Android users might have a lot to anticipate, with Google hinting at groundbreaking new AI releases. However, there has been a sudden emergence of a new warning on Samsung Galaxy devices, which reportedly seems to disturb users and raise significant questions about the timing of the warning.
It’s not only Apple making headlines over its App Store changes in response to Europe’s DMA—including mimicking Android’s sideloading to some extent, at least. It seems that Google is also strengthening its traditionally laid-back approach.
From last year, Google has been cautioning owners of its Pixel devices when they download Google apps from sources other than its Play Store. This new update ownership “allows third-party app stores to become the only source of future automatic updates to an app they initially installed,” as reported by XDA-Developers
However, Android Police states that “Google has extended caution notices for sideloaded app updates to non-Pixel phones and non-Google apps.” This “irritating ‘update ownership’ warning” will come as a surprise to users who expect to install what they want from where they desire, relinquishing risk for flexibility. This has always been Android’s draw, making it distinctly different from Apple’s locked-down iPhone.
The warning itself connects back to the idea of app ownership introduced with Android 14. Essentially, an app store can impose provenance over an installation, triggering a warning if an update is requested from somewhere else. While this seemingly relates to integrity and functionality, there’s obviously a considerable security aspect as well.
While the warning dialog is not alarming, it will be unexpected, and something that Samsung and other Android device owners do not anticipate. “This is our first clear indication,” Android Police highlights, “that Google is ready to expand these cautions beyond Pixel phones and Google apps/services.”
Typically, this story might go unnoticed. The warning appears just once—it’s more of an inconvenience than anything else. I have reached out to Google for information about these new cautions and the rate at which they will be rolled out, with no further details yet. While this has started to appear on non-Google devices for non-Google apps, it’s not yet widespread and has not yet “annoyed” the probably millions of affected users.
But timing is crucial. It’s noticeable that this has occurred right as Apple hogs the headlines over the security and privacy risks—or lack thereof—in sideloading, with regulators reportedly monitoring its own DMA-induced implementation with interest.
As my colleague Kate O’Flaherty reported on Forbes, “iOS 17.4 will be welcomed by iPhone users in the EU who would like the same flexibility Google’s Android users enjoy. But Apple has warned that sideloading and the associated changes to iOS and its ecosystem as a result open up iPhone users to major security risks.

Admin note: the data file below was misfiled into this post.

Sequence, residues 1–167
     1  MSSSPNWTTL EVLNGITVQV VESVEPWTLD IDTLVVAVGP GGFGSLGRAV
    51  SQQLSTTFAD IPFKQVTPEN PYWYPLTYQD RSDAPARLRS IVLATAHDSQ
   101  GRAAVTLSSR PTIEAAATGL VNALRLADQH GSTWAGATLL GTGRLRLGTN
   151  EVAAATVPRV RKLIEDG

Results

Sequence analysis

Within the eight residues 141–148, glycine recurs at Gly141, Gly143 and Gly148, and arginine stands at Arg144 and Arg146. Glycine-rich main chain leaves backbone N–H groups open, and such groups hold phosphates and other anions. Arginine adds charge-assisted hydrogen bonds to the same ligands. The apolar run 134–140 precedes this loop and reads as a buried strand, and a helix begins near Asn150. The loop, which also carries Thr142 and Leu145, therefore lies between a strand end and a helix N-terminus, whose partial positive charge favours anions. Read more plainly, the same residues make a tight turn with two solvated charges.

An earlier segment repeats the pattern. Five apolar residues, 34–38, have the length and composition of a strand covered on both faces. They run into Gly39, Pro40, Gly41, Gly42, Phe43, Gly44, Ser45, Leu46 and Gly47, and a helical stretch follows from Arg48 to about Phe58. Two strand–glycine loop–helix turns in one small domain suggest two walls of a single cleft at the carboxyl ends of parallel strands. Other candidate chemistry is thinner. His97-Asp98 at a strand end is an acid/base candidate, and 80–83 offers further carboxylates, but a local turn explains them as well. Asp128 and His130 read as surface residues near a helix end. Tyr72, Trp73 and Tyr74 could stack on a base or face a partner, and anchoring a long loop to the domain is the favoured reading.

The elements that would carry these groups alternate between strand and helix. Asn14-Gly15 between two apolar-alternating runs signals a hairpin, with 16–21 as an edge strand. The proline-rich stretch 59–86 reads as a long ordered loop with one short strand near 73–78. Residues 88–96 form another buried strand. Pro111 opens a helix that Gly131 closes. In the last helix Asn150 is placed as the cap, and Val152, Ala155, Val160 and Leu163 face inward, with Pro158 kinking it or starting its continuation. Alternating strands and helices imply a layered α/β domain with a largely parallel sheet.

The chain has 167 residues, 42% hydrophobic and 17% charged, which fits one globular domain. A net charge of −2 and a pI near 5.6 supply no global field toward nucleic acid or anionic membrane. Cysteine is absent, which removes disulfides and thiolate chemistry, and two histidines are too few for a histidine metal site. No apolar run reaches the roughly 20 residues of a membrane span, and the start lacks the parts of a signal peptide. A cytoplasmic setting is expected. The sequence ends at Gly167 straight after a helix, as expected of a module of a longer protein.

Over the past few weeks, I’ve reported on the latest wave of Play Store malware affecting Android devices. First SpyLoan, then Xamalicious, and finally a research note warning about the scourge of “copycat apps.”
Each of these cautions covered some limited Play Store installations, but primarily concerned the much less secure and controlled third-party stores.
This is the balance that Apple says it now needs to strike. Providing the seeming competitive freedom demanded by the EU, while maintaining its security credentials. Apple genuinely does need to navigate a path through this. While prompted by good intentions and instincts, I suspect most iPhone users are wary of lessening the famed security credentials of their devices. Arguably, users can choose the locked-down iPhone or open Android ecosystem. That choice in Europe is now reduced.
“We’re trying to strike a balance,” Sundar Pichai said last year, of Google’s own efforts in this area—but taking a different angle to Apple. “We believe in choice,” he said, “so on Android we allow you to sideload and install additional applications.”
But Pichai also pointed out that there is a user risk in venturing outside the official channels, where it has directed considerable resources in recent years to fortify security. It’s like a seatbelt, he said. Users can choose to use them. or not.
Until now, there has been a clear divide. Apple has a complete ban on sideloading, and Google is quite open. It hasn’t been possible to directly compare and contrast the security and protections available, given those varying approaches. But now it’s all change, and for the first time, the playing field has been somewhat leveled.
And so we watch with interest to see what Apple offers in practice—and how that is received by regulators, and then how Google reacts. Which is why the timing of this latest caution is interesting and why this story is worth monitoring as it unfolds.
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